Gardening with a (Re)Purpose

April 14, 2013 by  
Filed under Blog, DIY, Front Page, Gardening, Repurposing, Slideshow

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Starting a backyard garden doesn’t have to involve spending a lot on containers, watering systems and soil additives. In fact, you could probably plant a rich, healthy and visually attractive garden right now with what you have lying around your house. Everything from that pile of recyclables to the yard waste sitting at the curb can be used to build a low-cost, low-maintenance source of kitchen herbs, vegetables and day-brightening flora. Following are a few ideas to get you started and to spur on your gardening imagination.

Consider using all those leaves, sticks and pine cones you rake out of your yard every couple of months as free and effective mulch in your garden. Leaves and pine straw are a great finishing touch to your garden beds as they help your soil maintain a consistent temperature and moisture level as well as help to keep out weeds.

Planters with a New Purpose

Instead of asking yourself, “What can I repurpose and turn into a planter?” you should be asking what you can’t, because just about anything that can hold soil and drain water can be used for your planting purposes. Assorted old coffee tins make great containers for flowering gardens and the two center holes of stacked, staggered cinder blocks can be filled with potting soil for a unique wall garden.

Have an old wooden wine box? Drill some holes in the bottom, fill with a short layer of gravel, top with potting soil and hang from sturdy eyelets screwed into the four corners for an intriguing and useful kitchen garden ….

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Rainwater Harvesting Options for Homeowners

December 11, 2012 by  
Filed under Blog, Front Page, Gardening, Slideshow, Sustainability, Water

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Depending on where you live, your water bill can be one of your larger monthly expenses, especially during the summer. With the help of landscapers, you can set up a rainwater harvesting system that will save you money and reduce the demand for water in your community.
Rainwater harvesting systems can be as simple as using a barrel or as complex as installing underground tanks. Whichever method you choose, it’s important to remember that your landscape design should prevent water from pooling around the foundation of your home. Also keep in mind that plain rainwater is non-potable, so you’ll need to set up a purification system if you plan to drink it….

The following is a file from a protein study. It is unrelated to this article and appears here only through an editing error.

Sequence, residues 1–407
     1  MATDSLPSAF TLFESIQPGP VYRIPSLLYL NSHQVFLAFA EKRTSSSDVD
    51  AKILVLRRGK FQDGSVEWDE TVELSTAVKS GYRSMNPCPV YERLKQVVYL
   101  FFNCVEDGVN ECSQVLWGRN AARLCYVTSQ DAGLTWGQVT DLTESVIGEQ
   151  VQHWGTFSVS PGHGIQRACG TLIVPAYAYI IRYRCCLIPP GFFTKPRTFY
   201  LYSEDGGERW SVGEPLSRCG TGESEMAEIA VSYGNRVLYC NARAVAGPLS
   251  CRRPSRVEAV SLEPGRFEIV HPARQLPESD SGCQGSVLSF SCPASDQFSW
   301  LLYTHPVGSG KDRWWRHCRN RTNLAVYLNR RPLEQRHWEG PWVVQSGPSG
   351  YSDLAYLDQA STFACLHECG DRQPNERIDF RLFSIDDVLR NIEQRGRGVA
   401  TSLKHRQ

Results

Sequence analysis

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5 Things to Consider When Picking a Spot for Your Urban Garden

August 25, 2012 by  
Filed under Blog, Front Page, Gardening, Slideshow, Sustainability, Tips

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People who live in an apartment or townhouse don’t usually have the luxury of available green space to start a garden. And those who rent houses and have the green space may not be able to use it to grow fruit and vegetables, since the land doesn’t belong to them. Yet, those in tight living spaces can still get involved with urban gardening by using the space they do have to grow herbs, fruits, and vegetables.

Growing a garden not only saves money in the long-term, but it also creates a sustainable lifestyle by reducing the waste and carbon emissions that come from transporting these goods all across the world — and from making trips to the store and back to buy them. Plus it’s a commonly known fact among gardeners that if you grow something, it tastes better! …

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The Complete Idiot’s Guide to Composting by Chris McLaughlin

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Maybe you’re already a gardener, ready to plant some vegetables to reduce your grocery bill and gain some peace of mind about what additives you will not be putting into your family’s bodies. Or, maybe you secretly yearn for a yard filled with colorful flower blossoms from early spring until late fall.

If you see yourself in either of these scenarios, then The Complete Idiot’s Guide to Composting: Turn your organic waste material into black gold, is for you. No, this isn’t a book about planting a garden. It’s about how to nourish the soil you will use to grow amazing veggies and posies. And, I have to say, it’s even fun to read….

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Energy-Wise Landscape Design – This Book Will Save You Money

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In the depths of winter, it’s always good to remember that spring is just around the corner. After the holiday rush ends, it will be a great time to start planning and dreaming about your yard. And if you’re planning to build or renovate this coming year, you’ll want to be sure you incorporate landscaping ideas that not only look pretty, but that are also energy efficient.

Careful landscaping can be much more effective at saving energy than many of the other efforts we make each day, like turning off lights and turning down the heat. Having the right plantings outside your home will not only save you money, it will also help you live more comfortably in an esthetically pleasing environment.

That’s the essence of the message embedded in every page of Energy-Wise Landscape Design: A New Approach for your Home and Garden by Sue Reed….

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9 Months – 11 Buckets of Dirt

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There are many things in life that require patience: the growth of an embryo into a full-term baby, the long slog through a school year, the development of seedlings into luscious tomatoes … and the turning of garbage into rich, healthy soil.